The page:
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Strong euro, weak dollar

Dr. Thomas Gitzel, Chief Economist
Reading time: 6 Min
The US dollar has taken a beating. There have long been a number of good reasons for this, at least from a fundamental standpoint. Occasionally, the greenback has shown a bit of muscle due to its function as a “safe haven”. But now there are increasing signs that the winds of change are at hand. After seemingly endless negotiations, the eurozone member states have agreed to finance a coronavirus recovery fund, something that should also give a boost to the euro. At the same time, it appears that USD is on the verge of another fainting spell.

In our magazine “Telescope”, we have already sketched out in detail what is at issue here; namely, there are five reasons for USD weakness over the longer term. For the short term, though, we maintained our prediction of a sideways tendency in EUR/USD. The yet to be contained corona pandemic, plus the greenback’s reputation as a safe haven, effectively prevented a more pronounced decline in the US currency for quite some time. However, the greenback now looks vulnerable in the short term as well. Its safe haven function could cede centre stage to homemade uncertainties in the US. At the same time, there are pivotal decisions in the making on the European continent that could alter the way the eurozone member states interact, a development that would obviously argue for a stronger EUR. Thus the winds of change are picking up. So for the next three to six months, we now expect to see the euro gain ground against USD and ultimately trade in a range between 1.15 and 1.20.

 

1. Eurozone member states circle the wagons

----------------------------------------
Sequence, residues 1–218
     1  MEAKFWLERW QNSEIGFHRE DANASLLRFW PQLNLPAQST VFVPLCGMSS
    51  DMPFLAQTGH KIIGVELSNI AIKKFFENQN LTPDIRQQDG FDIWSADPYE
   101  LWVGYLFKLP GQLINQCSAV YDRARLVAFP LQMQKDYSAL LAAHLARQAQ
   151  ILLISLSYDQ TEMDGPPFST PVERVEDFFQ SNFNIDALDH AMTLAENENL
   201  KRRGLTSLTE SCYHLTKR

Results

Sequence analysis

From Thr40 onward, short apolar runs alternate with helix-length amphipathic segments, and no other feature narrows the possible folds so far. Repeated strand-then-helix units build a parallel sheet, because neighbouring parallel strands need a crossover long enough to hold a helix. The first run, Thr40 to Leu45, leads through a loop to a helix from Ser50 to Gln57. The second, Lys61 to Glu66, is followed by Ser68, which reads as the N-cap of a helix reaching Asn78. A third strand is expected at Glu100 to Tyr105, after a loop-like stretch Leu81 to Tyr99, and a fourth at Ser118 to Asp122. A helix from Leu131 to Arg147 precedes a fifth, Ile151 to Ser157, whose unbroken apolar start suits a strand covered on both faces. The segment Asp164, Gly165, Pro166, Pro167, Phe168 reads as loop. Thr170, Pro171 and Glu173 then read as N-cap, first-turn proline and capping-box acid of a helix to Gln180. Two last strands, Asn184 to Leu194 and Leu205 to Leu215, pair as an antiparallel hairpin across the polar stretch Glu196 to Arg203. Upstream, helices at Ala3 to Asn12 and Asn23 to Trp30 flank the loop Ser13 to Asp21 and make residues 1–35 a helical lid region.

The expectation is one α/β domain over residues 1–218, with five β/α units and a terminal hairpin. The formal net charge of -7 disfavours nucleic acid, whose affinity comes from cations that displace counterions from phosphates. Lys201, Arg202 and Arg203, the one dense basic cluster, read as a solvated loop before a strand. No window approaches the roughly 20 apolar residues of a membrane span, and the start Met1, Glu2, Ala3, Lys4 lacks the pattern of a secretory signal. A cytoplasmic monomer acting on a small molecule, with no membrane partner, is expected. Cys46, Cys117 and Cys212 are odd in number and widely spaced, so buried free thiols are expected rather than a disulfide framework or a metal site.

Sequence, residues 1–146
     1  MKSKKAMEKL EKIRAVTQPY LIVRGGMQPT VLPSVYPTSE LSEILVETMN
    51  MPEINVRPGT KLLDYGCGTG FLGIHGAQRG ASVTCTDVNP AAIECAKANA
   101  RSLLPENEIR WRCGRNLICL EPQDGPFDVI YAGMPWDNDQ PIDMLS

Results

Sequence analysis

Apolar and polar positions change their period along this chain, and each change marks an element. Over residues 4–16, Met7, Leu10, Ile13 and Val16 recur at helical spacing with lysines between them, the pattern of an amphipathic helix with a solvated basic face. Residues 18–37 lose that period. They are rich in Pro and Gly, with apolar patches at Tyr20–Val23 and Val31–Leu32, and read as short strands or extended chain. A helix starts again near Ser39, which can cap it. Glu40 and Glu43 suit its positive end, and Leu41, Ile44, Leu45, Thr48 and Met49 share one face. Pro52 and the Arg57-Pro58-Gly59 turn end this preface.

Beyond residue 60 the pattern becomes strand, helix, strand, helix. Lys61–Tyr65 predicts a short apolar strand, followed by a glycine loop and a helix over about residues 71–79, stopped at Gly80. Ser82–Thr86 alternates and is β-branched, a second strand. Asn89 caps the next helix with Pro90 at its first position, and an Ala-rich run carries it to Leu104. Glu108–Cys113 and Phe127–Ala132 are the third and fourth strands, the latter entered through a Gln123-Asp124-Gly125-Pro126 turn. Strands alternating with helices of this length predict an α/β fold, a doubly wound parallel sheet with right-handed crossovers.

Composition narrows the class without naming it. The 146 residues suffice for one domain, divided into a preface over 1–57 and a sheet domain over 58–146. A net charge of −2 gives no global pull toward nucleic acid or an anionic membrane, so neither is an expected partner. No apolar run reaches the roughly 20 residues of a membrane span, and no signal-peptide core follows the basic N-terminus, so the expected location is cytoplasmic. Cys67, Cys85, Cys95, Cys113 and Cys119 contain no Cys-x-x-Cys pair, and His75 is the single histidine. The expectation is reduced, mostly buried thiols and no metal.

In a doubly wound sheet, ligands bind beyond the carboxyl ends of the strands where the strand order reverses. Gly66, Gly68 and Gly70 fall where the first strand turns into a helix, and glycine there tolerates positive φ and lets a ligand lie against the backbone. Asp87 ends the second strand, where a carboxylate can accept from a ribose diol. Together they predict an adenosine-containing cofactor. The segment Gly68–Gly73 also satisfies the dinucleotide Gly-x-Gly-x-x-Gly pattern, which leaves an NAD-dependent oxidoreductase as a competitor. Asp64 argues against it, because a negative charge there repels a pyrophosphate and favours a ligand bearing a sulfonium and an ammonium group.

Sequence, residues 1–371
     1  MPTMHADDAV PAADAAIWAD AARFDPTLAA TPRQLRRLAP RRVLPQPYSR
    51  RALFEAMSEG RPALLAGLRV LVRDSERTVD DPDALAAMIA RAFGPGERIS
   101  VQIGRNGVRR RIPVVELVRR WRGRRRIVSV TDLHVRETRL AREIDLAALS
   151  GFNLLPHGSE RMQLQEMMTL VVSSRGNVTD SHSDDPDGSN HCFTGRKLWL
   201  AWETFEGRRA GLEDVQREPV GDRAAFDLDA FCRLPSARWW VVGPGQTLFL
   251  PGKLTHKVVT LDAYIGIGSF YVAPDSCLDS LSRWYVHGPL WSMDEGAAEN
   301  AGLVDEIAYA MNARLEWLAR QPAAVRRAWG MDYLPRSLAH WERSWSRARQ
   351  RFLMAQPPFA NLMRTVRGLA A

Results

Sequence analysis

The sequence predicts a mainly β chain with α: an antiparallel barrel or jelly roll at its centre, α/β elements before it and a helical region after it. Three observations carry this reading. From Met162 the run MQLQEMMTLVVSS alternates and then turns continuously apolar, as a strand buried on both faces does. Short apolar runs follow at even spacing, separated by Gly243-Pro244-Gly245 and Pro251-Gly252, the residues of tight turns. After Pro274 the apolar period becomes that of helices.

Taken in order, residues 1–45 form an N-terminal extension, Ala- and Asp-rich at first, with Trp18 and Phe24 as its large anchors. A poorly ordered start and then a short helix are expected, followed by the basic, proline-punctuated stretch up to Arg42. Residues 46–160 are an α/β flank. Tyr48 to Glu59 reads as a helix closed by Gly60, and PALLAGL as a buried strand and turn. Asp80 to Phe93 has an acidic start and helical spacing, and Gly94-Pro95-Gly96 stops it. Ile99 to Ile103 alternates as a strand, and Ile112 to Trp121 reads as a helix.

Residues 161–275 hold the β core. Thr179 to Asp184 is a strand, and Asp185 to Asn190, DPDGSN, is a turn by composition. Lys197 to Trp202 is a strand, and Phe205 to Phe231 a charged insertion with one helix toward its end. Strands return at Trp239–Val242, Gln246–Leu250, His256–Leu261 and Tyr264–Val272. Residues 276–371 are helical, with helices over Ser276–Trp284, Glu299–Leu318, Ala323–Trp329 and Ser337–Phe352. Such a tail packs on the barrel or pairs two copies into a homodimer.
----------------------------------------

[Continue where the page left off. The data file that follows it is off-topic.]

After tough negotiations, the eurozone member states have agreed on a coronavirus recovery fund. The resolution reached at the marathon Brussels summit provides for the EU to take on debt in its own name. The total fund package of EUR 750 bn is to be divided into EUR 390 billion in outright grants, which will flow primarily to the debt-ridden countries of the bloc, and EUR 360 billion in repayable loans. This remarkable step by the summit participants was preceded by a paradigm shift on the part of the German government. Until now, Germany has resolutely objected to any kind of shared debt. So it appears that a new perspective is at the root of German Chancellor Angela Merkel’s change of heart. Perhaps her thinking is: Some countries have suffered a structural disadvantage as a result of their membership in the eurozone, and that needs to be corrected through compensatory payments. This is good news for the 27-nation common currency zone in the medium term, as it makes a break-up of the bloc less likely, at least for now. Moreover, the members have demonstrated their ability to actually take action after a heated defence of their respective interests. Th currency markets like this type of cohesiveness in an otherwise polarised world, and the euro has already perked-up against the US dollar. However, we would also point out (critically) that the coronavirus recovery fund could also be the first step towards the so-called “communitarisation” of eurozone debt and hence the risk of free-riding on the part of certain states. In other words, if money simply flows out of a common pot, the urgency for structural reforms, especially in Italy, could be conveniently forgotten there – something that would then weaken the competitiveness of the union as a whole at some point down the road. However, these are long-term bugaboos that the currency markets do not initially perceive as an immediate threat. Their focus is on the short- and medium-term aspects of economic stabilisation that could result from the coronavirus recovery fund.

 

2. America and the virus

The European states have done remarkably well in combating the coronavirus pandemic. Despite their differing national strategies, a uniform line of defence was discernible across the board, and it is now paying off. New infections remain within bounds, regardless of the short-term spikes attributable to regional outbreaks. In stark contrast to this, the number of new infections in the USA continues to rise dramatically. America does not have the virus under control.